Why AMC Stock Is Likely Doomed to Keep Sinking for Years

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Boosted by two very popular movies and and high revenue per customer, AMC (NYSE:AMC) was able to generate more revenue than in Q3 of 2019. But the company’s bottom line was still negative, while its cash flow amounted to a trickle. Also, the movie-theater owner depressed the price of AMC stock by selling huge amounts of new shares in both September and November.

With AMC still burdened by huge debt and continuing to face very tough competition from streaming channels, this pattern probably will continue for the foreseeable future if not forever.

Q3 Was Much Better But Not Great

AMC’s revenue, lifted by the success of the Barbie and Oppenheimer movies, jumped 45% versus the same period a year earlier to $1.4 billion, the company reported on Nov. 8. Further, its sales came in higher last quarter than in the same period of 2019. That was before the pandemic shut down movie theaters, a blow from which theaters have yet to fully recover.

As evidence of the latter statement, consider that last quarter, even with the help of Barbie and Oppenheimer, attendance at AMC’s theaters was 16% lower than in Q3 of 2019. The firm’s top line was only higher last quarter than in Q3 of 2019 because it got 30% more revenue per customer than in Q3 of 2019.

But despite the higher prices that it charged and the popularity of Barbie and Oppenheimer, AMC still reported a per-share loss of 9 cents, excluding certain items,. It generated only $65.9 million of cash from its operations. And excluding its net proceeds of $293 million from selling stock, its overall cash flow was just $1 million.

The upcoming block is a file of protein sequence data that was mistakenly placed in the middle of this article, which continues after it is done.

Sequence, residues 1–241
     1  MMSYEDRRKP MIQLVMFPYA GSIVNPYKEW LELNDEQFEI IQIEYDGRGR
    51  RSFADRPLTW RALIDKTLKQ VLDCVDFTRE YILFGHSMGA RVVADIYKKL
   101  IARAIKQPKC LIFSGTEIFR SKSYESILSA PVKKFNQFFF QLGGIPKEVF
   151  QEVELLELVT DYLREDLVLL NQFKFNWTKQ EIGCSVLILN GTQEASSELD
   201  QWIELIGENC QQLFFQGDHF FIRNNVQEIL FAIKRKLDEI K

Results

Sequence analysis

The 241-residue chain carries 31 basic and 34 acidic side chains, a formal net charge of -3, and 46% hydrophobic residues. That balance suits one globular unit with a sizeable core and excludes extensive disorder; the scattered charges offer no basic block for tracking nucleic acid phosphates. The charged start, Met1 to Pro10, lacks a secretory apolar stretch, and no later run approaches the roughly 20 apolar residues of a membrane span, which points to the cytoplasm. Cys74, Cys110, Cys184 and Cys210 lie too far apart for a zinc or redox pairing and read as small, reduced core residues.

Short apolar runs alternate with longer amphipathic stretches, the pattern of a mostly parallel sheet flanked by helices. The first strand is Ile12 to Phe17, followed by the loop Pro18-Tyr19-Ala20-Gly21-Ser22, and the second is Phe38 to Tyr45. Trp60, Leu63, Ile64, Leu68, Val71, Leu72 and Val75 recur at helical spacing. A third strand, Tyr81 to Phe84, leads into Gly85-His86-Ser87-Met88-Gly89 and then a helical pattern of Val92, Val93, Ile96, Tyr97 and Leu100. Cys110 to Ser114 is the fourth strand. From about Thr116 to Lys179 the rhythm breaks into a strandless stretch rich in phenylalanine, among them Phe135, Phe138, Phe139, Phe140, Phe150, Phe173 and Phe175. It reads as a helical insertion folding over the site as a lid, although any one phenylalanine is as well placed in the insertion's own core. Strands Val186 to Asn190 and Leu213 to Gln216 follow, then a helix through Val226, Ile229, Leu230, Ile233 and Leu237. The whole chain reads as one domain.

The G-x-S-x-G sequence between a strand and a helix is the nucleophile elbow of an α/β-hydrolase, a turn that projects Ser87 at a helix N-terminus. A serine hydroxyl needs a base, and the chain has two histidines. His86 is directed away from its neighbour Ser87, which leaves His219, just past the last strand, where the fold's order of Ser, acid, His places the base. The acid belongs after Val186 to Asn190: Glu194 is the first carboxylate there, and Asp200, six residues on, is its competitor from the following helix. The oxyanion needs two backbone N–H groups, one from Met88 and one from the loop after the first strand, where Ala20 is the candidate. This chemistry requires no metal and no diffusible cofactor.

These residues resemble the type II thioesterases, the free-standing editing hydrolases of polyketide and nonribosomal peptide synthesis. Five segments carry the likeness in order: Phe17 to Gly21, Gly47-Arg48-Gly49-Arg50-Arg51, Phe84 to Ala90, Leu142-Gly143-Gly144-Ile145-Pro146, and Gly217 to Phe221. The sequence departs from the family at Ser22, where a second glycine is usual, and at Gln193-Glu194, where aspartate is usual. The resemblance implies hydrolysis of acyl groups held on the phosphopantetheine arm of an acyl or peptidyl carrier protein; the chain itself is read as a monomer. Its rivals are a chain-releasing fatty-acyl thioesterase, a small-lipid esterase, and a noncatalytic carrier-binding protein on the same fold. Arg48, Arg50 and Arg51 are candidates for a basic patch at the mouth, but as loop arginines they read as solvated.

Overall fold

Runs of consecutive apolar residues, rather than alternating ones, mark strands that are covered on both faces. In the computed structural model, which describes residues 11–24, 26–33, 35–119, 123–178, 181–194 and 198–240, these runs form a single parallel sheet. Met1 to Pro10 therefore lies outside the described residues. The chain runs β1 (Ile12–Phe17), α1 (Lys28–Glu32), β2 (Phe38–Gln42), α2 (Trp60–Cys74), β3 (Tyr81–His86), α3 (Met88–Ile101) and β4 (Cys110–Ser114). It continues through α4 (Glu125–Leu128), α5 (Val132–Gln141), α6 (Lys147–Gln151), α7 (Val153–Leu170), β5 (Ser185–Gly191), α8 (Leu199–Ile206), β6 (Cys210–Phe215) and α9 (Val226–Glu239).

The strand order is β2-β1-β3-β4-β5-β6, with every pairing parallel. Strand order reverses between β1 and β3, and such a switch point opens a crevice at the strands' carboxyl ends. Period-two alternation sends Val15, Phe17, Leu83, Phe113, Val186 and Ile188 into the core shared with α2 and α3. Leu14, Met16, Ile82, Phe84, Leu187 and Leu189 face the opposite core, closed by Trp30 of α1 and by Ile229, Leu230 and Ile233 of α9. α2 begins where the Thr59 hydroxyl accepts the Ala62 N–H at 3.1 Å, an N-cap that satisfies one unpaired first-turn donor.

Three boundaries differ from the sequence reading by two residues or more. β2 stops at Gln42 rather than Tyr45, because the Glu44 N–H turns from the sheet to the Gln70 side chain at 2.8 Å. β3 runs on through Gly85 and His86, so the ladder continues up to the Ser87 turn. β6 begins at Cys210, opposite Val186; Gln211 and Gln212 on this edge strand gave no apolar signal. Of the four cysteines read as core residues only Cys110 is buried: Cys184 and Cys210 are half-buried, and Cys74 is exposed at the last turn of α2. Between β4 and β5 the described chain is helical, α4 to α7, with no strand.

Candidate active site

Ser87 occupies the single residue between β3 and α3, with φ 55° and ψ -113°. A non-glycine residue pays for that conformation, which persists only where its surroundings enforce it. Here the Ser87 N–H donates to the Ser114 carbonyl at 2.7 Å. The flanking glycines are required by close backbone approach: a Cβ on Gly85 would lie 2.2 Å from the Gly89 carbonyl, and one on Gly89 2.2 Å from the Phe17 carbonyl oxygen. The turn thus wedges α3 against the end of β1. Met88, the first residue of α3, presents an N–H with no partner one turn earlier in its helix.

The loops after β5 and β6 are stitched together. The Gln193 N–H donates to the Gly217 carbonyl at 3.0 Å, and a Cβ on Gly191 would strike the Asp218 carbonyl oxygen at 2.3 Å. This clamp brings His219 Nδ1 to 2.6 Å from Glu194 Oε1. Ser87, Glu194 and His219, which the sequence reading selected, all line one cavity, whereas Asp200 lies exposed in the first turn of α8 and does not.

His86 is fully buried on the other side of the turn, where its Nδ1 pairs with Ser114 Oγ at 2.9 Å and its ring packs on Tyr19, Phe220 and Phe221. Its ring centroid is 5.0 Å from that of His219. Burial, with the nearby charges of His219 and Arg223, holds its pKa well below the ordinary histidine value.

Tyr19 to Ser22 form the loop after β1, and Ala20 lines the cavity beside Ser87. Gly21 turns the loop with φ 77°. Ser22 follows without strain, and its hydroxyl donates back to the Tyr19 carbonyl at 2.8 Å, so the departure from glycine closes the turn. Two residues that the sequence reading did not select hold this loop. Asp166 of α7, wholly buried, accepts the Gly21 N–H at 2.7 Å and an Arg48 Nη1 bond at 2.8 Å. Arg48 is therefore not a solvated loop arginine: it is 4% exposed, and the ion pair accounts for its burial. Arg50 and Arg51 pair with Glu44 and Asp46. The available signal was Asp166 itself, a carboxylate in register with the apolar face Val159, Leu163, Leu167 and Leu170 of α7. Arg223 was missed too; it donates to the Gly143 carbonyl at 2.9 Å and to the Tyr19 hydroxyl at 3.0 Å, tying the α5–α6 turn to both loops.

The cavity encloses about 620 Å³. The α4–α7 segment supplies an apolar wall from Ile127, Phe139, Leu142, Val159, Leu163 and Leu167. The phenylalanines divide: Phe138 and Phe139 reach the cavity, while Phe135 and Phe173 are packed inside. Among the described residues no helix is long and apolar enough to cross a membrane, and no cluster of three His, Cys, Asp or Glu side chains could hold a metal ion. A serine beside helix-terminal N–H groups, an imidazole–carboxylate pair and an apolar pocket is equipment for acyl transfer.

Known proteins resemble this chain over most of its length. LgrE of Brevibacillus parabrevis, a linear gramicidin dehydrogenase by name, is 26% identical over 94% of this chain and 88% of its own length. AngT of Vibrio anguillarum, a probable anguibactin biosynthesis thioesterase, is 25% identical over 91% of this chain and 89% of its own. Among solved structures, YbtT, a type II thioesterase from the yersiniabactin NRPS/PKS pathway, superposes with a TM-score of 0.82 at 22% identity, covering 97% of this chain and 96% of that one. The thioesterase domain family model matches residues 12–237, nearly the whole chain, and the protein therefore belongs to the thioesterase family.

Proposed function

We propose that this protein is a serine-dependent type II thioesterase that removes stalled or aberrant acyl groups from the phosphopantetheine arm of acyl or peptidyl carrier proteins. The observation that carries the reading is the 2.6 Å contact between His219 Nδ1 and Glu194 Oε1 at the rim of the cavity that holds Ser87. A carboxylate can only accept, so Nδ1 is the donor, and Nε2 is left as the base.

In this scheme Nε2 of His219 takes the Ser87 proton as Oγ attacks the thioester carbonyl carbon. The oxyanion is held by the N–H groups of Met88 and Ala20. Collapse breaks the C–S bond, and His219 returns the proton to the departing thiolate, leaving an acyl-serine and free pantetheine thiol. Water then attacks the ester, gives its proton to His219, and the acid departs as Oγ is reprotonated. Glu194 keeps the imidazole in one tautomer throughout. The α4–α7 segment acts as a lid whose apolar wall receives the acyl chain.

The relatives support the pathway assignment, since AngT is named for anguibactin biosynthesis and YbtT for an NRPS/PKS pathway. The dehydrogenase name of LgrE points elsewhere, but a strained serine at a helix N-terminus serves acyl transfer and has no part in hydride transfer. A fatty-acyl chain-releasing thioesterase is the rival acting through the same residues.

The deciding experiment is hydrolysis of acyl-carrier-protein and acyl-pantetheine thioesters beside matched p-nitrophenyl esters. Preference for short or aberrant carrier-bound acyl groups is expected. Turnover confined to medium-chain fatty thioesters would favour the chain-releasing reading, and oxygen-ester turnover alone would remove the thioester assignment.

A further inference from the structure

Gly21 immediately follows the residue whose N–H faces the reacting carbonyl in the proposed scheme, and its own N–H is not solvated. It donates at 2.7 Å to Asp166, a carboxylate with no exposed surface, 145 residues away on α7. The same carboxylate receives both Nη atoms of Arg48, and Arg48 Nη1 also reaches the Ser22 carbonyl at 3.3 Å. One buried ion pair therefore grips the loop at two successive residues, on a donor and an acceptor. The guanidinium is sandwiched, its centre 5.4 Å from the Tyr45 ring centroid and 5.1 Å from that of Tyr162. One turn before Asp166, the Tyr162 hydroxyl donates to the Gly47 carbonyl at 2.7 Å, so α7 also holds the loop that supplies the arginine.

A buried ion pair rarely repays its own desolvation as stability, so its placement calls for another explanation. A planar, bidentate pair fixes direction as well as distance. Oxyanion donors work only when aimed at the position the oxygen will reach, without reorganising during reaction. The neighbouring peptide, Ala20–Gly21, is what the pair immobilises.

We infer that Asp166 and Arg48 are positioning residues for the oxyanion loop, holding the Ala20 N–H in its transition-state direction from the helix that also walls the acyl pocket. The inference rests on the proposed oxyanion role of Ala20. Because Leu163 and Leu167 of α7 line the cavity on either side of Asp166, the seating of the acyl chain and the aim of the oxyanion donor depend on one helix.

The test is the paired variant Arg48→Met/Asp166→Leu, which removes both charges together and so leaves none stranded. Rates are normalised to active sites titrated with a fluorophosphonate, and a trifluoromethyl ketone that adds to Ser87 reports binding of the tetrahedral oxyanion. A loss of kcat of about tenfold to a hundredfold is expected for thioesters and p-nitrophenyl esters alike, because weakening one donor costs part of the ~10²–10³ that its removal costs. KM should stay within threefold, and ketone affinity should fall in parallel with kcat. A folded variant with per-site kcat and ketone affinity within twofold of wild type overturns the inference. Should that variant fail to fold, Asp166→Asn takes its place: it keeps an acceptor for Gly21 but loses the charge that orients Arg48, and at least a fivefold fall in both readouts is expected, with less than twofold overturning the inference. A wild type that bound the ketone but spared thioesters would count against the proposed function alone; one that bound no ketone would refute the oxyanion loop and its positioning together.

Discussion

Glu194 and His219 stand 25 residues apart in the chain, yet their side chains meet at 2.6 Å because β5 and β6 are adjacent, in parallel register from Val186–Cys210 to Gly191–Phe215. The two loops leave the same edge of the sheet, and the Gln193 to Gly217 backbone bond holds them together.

If the highly indebted company can’t really generate cash, aside from the amounts that it obtains from selling stock, during a “good” quarter, it’s going to have to keep selling many more shares to stay afloat. And as we’ll see in the next section, selling huge amounts of shares depresses the price of AMC stock.

AMC’s Share Sales

One day after AMC announced its Q3 results, the movie-theater owner disclosed that it would offer up to $350 million of its shares. And in September, the company generated gross proceeds of $325 million by selling shares.

AMC needs to sell large amounts of its shares because, as we’ve seen, even during good quarters, it can’t generate significant amounts of cash except by selling stock. And the company still has a huge net debt total of $5.7 billion.

As a result, it’s paying a great deal of interest; in Q2 and Q3, respectively, it paid $134.7 million and $78 million of interest. If it misses any required interest payments, it could easily force it into bankruptcy.

So because it has high interest costs and its business is not generating much cash, it has to carry out stock sales to make its interest payments.

But the downside to stock sales is that they tend to push share prices down. Indeed, during the three months that ended on Nov. 13, AMC’s shares sank 76%.

No Way Out of the Cycle

The high popularity of streaming is clearly still keeping a lid on AMC’s top and bottom lines, forcing it to sell stock to meet its interest obligations. And those stock sales, in turn, push down the company’s share price.

It doesn’t appear that AMC has a means of breaking that pattern. The stock is likely doomed to keep sinking for many years to come.

On the date of publication, Larry Ramer did not have (either directly or indirectly) any positions in the securities mentioned in this article. The opinions expressed in this article are those of the writer, subject to the InvestorPlace.com Publishing Guidelines.

Larry Ramer has conducted research and written articles on U.S. stocks for 15 years. He has been employed by The Fly and Israel’s largest business newspaper, Globes. Larry began writing columns for InvestorPlace in 2015. Among his highly successful, contrarian picks have been PLUG, XOM and solar stocks. You can reach him on Stocktwits at @larryramer.

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